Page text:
Shattered bones broken
Eight degrees // separation
Painting: Dwight L. Roth
Painting: Dwight L. Roth
Today is open link night at d’Verse. The inspiration for this poem came as a spin-off from a post I read earlier this week. You can read it here: https://essenceandlife.wordpress.com/2019/09/13/forgiveness/
Join us at: https//dversepoets.com
Photo: Dwight L. Roth
Waiting with my wife’s mother as she came to the end of her life stirred many strong feelings. She had been diagnosed with a terminal brain tumor ten months earlier. As I sat and reflected on her life and my life, I began to ponder the end of life. Some die quickly and others live on sometimes in chronic pain, while for others the pain may come from the emotional part of our being. This poem looks at the end of life stages and how they affect us.
Waiting to Die
Becoming obsolete is one of life’s most difficult burdens
It is not something that comes on quickly
But rather happens over a few years
When things once held dear are no longer valued by the next generation
It raises a turmoil of the soul that at first kicks and screams
But gradually subsides into a churning rumble
Only to be followed by a great dull ache
Becoming physically challenged only adds to the burden
Our bodies slow down, wear out, won’t co-operate, get repaired,
Bounce back at times only to slowly head back down the slippery slope of time
That waits for no one but seems to careen wildly toward the cliff
This too raises the turmoil of the soul that at first kicks and screams
But gradually subsides into that churning rumble
Only to be followed by a great dull ache and a swell of physical pain
Becoming physically and/or mentally disabled increases the burden even more
When one can no longer care for himself
Or have the strength to move about
Losing the memory to recall life’s joys and sorrows
Or that unwanted friend and companion arthritis moves in and out
One begins to wonder why he continues to go on living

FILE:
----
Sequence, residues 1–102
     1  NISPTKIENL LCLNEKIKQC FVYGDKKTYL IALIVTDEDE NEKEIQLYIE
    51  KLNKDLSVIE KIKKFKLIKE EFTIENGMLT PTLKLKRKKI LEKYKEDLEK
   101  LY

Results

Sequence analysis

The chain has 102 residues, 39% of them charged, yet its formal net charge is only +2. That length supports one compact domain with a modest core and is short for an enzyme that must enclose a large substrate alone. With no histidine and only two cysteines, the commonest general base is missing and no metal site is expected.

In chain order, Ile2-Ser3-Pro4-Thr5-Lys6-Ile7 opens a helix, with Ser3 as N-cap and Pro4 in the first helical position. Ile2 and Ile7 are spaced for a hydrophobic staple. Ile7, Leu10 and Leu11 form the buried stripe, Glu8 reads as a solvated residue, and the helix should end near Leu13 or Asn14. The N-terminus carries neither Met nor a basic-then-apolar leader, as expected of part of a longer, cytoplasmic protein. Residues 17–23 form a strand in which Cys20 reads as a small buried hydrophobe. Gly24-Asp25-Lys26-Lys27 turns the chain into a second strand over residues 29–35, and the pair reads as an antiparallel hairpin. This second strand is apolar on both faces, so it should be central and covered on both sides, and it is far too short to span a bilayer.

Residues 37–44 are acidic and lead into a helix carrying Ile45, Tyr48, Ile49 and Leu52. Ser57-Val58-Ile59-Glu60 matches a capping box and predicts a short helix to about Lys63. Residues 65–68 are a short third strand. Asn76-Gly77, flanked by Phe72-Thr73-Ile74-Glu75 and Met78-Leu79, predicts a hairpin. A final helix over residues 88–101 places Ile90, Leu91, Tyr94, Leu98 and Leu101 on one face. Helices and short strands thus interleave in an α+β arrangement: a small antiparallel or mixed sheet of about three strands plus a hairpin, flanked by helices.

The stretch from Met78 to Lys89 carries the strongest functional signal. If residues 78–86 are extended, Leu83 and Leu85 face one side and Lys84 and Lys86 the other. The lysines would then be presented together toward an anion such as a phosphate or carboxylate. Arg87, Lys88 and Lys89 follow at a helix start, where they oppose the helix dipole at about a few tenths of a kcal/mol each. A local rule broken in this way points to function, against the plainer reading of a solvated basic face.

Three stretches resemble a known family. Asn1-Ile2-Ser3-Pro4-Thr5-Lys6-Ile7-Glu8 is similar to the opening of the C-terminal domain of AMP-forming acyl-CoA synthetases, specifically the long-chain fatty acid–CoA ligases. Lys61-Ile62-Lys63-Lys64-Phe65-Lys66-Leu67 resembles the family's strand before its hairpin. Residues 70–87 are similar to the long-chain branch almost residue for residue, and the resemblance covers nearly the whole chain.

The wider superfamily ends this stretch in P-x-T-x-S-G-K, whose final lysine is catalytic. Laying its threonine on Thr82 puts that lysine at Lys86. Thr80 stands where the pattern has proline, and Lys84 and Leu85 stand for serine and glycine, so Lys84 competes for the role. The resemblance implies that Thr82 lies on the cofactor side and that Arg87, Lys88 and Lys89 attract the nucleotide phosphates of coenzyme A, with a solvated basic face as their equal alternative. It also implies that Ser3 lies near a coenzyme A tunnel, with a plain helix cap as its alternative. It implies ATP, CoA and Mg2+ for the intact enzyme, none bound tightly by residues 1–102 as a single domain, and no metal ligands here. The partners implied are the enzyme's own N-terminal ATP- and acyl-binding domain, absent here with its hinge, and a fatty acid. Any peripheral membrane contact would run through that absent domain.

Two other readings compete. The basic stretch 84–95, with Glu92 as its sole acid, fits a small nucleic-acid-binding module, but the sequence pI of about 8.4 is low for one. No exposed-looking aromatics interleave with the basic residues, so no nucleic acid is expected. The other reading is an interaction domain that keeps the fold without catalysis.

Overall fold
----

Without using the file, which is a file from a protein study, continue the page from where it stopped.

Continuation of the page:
Now it’s just a long dull ache, for the inner kicking and screaming now subsides
Becoming totally dependent, sometimes unable to speak or function
Is probably the biggest burden of all
Long hours of little change of position or surroundings
Struggling for life with each difficult breath
Simply sitting or lying, waiting day after day
For the edge of the cliff to appear
Must make one wonder why some leave this world like the drop of a hat
While others continue on and on simply waiting to die
But what of heaven and the future life to come
Surely that should make it all better
Surely that should ease the pain of separation and loss
When all you know is the life you are living and the pain you are feeling
It is difficult to focus on what will come
In the present suffering one may understand what lies in store
But only feels the last pains of separation
From this earthly body into an immortal one
Safe in the arms of God
Being adopted must be a traumatic experience for a little boy who started the first year of his life with a foster parent. This was the experience of my grandson. He was adopted into a family who spoke a different language, ate different food, and had other children. You can understand why he did not want his new parents to leave him at night. I wrote this as a lullaby that expresses some of the feelings that I imagined occurred during this time. He has since grown into a well adjusted little boy.
Sweet Baby Boy
Sweet baby boy just close your eyes
Go off to dreamland with a sigh
Sweet baby boy fly away